The Oregon Ducks return to the hardwood seeking a resume building win against the Vanderbilt Commodores.
It had been a long journey, one that had seen Commodore Vanderbilt's navy sail to the opposite end of the continent to hunt down the green and yellow tribe and extinguish them once and for all. Both nations had lost many warriors from the battle before, but the Commodore had turned away the avian attack, though few veterans from the conflict remained. Needing a fresh victory for eyes of legitimacy of this new fleet, the Commodore smiled at the thought of finishing an old adversary.
As the navy reached sight of the rocky Pacific shores, there were no signs of the enemy. Exasperated, the Commodore ordered a land invasion, determined that the tedious sail not be for naught. As they pressed deeper into the stands of Douglas Fir, the thought of turning back was muted by a thirst for blood and treasure. As darkness overcame the forest, the Commodore realized the mistake. But it was much too late, as out from behind the trees came the Men of Oregon.
Unfamiliar with the lay of the land, the Commodore's navy quickly was overwhelmed with a dazzling array of long distance shooting by the newfound avian marksmen. Every attempt at a counter offensive was met with stiff resistance, followed by a quick and ruthless attack. As the victor became apparent, the Commodore tried to sneak an escape, hoping the confusion of the battle and the pitch of the darkness would provide him cover. But as the Commodore turned to sneak away, he found himself face to face with the two largest avian warriors, a pair of 6'11" giants who had made a point to block his lane. His last thought was how he could be so foolish. Then the thoughts ceased, and the Commodore had suffered the same fate as many before him....just another victim....DEEP IN THE WOODS.
After a pair of flawed victories over Big Sky opponents, the Ducks begin the meat of the non-conference schedule with a 7:00 p.m. visit from the Vanderbilt Commodores. The two teams squared off in last season's opener, the Ducks losing a 14 point decision to the Commodores in Nashville. However, both teams have changed a lot since that matchup.
Duck fans know about the changes to Oregon's roster, and we'll see more change as 6'7" transfer Arsalan Kazemi, who averaged a double-double for Rice last season, has won his appeal and is eligible to play for the Ducks starting tonight. Much like Olu Ashaolu last season, Kazemi is an impact player who has the potential to be one of the key players on his team. Eventually, he should be a starter, though it will be interesting to see how Altman uses him tonight.
Changes are even more pronounced for the Commodores than for the Ducks. Vanderbilt lost all five starters from last season's SEC Tournament Champions. John Jenkins? Gone. Festus Ezeli? Gone? Brad Tinsley? Jeffrey Taylor? Lance Goulbourne? Gone. Gone. Gone.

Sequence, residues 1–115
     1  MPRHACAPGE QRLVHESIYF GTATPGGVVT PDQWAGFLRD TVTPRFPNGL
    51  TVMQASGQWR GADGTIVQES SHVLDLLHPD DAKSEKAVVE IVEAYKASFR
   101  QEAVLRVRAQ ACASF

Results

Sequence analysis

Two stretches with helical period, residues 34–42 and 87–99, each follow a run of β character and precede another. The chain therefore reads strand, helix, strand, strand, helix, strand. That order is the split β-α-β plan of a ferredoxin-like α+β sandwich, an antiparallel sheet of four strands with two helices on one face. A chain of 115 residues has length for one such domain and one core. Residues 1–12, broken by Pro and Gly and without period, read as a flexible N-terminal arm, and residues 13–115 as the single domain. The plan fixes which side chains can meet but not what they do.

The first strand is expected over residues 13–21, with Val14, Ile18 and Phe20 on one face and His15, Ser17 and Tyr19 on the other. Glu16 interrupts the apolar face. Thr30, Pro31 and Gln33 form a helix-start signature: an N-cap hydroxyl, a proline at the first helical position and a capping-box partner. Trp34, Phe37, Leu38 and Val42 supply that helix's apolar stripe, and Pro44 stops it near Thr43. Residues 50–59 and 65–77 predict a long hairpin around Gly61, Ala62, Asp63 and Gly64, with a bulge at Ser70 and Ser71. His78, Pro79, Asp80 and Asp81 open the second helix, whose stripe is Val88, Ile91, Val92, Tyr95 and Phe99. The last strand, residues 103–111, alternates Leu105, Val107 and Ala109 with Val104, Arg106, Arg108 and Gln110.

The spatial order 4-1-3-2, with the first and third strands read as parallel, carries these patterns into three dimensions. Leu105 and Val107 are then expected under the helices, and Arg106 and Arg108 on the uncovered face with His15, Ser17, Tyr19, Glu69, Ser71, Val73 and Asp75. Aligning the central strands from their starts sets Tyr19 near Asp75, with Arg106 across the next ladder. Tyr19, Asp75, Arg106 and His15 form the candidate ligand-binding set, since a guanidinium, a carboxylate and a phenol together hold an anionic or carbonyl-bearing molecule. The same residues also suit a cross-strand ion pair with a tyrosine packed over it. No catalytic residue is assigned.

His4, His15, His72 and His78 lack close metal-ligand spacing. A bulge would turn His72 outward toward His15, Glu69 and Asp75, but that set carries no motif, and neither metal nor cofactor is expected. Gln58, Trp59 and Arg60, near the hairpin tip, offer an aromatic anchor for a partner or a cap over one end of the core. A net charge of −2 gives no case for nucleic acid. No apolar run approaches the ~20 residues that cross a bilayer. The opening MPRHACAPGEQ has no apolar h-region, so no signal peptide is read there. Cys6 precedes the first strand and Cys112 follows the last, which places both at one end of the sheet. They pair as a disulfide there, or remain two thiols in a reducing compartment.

Make no mistake-Vanderbilt has talent. Its just that none of the talent is proven. G Kendren Johnson and F Rod Odom averaged just over 14 mpg each last season, and the highest scoring game for either in the SEC was 7. Johnson is probably the most talented player on the roster, and he had 25 points, 6 rebounds, and 6 assists in the season opening win against Nicholls State. Freshman G Kevin Bright added 15 and eight rebounds. Both hit three three-pointers. They formed a three guard rotation with point guard Kyle Fuller, who scored 15 points and dished out six assists. Oregon's guards are going to have to play solid defense, but also box out and keep those guys off the boards. Damyean Dotson, Willie Moore, and Dominic Artis have all done an excellent job of the latter. Johnny Loyd worries me a little more in that respect.
In the frontcourt, the Ducks should have a decided advantage, with 4-5 players that can cause major problems for Vanderbilt. 6'11" Josh Henderson has played only sparingly in his career at Vandy (13 minutes against Nicholls State), but figures to get more run in this game due to the necessity of guarding Waverly Austin and Tony Woods. Rod Odom was at the end of the rotation last season, and Shelby Moats played sparingly, but both started against Nicholls State, despite shooting under 40% as forwards last season. Neither provide a consistent scoring or rebounding threat. 6'7" freshman Sheldon Jeter and sophomore James Siakam played against Nicholls State, but neither stood out.
This is a game that Oregon should win, especially if they have any tournament hopes this season. Vanderbilt's guards are talented, but they really aren't more talented than the Ducks' players, and not much more experienced, and Oregon should be able to hold their own. On the flipside, Oregon holds a commanding lead at the forward position, with five frontcourt players (Austin, Woods, Singler, Emory, and Kazemi) better than any frontcourt player on Vanderbilt's roster. That's a significant mismatch, and one that, absent turnovers or shooting woes, should give Oregon a nice home victory. The opposite result would be a big missed opportunity.